​​Patricia de Rango, Daniel Fruchart, Albin Chaise, Michel Jehan, Nataliya Skryabina​

​​A safe and sustainable way to store hydrogen​ 

Technical field
Materials, metallurgy
Centre National de la Recherche Scientifique (CNRS)
​​Patricia de Rango, Daniel Fruchart, Albin Chaise, Michel Jehan and Nataliya Skryabina​ combined their expertise and interests to develop a method to store hydrogen more safely and sustainably with less energy.
Green hydrogen is becoming a popular alternative as governments and industries try to move away from fossil fuels. However, for hydrogen to be considered green, it needs to be produced with renewable resources and low-carbon emission technology. Hydrogen takes up more space than fossil fuels and, as a gas, requires immense energy to compress, store and release at 700 bars of pressure. Similarly, it is energy intensive to cool hydrogen to -253°C and store it in a liquid form. These factors make it difficult to safely transport and store hydrogen.

The team’s ground-breaking method uses magnesium hydride mixed with metal additives and graphite to compress hydrogen into solid discs for easy storage in specially designed tanks. To store and release hydrogen requires less energy than other methods, and the hydrogen is also released from the tanks at relatively low pressure – around two bars. The discs are stable when handled and do not ignite when exposed to fire. Crucially, they do not lose hydrogen over time and can be stored for long periods, making green hydrogen more accessible as the world combats climate change.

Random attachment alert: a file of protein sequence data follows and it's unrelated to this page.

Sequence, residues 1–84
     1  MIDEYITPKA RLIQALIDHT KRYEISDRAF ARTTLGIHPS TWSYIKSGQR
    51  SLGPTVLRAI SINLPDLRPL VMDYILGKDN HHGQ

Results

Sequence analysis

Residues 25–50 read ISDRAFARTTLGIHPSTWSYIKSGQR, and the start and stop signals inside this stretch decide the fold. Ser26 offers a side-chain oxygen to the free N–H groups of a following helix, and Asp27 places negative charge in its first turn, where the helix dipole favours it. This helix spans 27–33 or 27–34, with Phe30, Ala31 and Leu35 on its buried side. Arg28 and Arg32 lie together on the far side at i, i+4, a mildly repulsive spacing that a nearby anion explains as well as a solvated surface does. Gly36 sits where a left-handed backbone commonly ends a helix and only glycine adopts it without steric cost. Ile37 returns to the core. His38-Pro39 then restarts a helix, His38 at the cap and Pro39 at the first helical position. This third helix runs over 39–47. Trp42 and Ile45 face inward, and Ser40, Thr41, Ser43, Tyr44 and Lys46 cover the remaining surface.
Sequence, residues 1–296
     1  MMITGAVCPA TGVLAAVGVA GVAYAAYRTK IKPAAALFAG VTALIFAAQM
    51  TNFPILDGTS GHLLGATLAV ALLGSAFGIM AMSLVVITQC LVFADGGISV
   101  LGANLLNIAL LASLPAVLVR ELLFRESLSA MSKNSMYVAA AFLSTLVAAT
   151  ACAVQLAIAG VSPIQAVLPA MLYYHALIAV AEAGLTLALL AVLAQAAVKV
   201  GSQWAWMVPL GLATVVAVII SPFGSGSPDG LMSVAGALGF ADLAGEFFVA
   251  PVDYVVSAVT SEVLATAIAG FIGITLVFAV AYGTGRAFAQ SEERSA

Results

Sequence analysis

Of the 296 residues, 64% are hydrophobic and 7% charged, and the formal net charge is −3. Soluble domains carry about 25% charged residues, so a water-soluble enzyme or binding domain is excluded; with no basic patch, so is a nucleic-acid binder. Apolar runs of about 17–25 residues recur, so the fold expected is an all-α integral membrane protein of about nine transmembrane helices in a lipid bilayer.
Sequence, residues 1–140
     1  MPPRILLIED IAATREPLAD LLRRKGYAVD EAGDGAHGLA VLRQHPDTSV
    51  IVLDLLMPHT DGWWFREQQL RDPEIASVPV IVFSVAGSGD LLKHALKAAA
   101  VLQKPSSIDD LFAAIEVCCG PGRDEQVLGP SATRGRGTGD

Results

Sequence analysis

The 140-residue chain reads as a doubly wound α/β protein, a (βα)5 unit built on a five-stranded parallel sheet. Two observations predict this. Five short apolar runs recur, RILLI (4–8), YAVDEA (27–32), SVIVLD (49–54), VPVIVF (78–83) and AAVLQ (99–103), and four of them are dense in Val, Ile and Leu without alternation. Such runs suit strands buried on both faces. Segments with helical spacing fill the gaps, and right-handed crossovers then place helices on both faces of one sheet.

Team effort

De Rango not only designed the disc storage tanks but also analysed the tanks' development processes and the structural and magnetic characterisation of the chemical compounds involved. Chaise introduced the mixture and compact processes and studied the discs’ thermal and fluidic properties to validate their performance. Fruchart researched magnesium hydride, the atomic structure of which would store the hydrogen. Magnesium is recyclable, making the hydride more sustainable. Skryabina led research into hydrogen’s reactions with other materials and magnesium hydride's basic physical and chemical properties. And so, after developing an interest in hydrogen storage, Fruchart contacted Jehan. Jehan’s company at the time, Metal Composite Powder (MCP) Technologies, developed the industrial technology needed to produce a greater amount of magnesium hydride.

Early research was conducted at CNRS, which applied for the initial European patents. The technology was transferred to partners McPhy and, later, JOMI-LEMAN to scale up and commercialise the product. Skryabina emphasised the role of teamwork in this industry-academia collaboration: "I think our team is like a musical orchestra. Everyone is like some special instrument. We can play ourselves, but it is not exactly music, only a small part of it."

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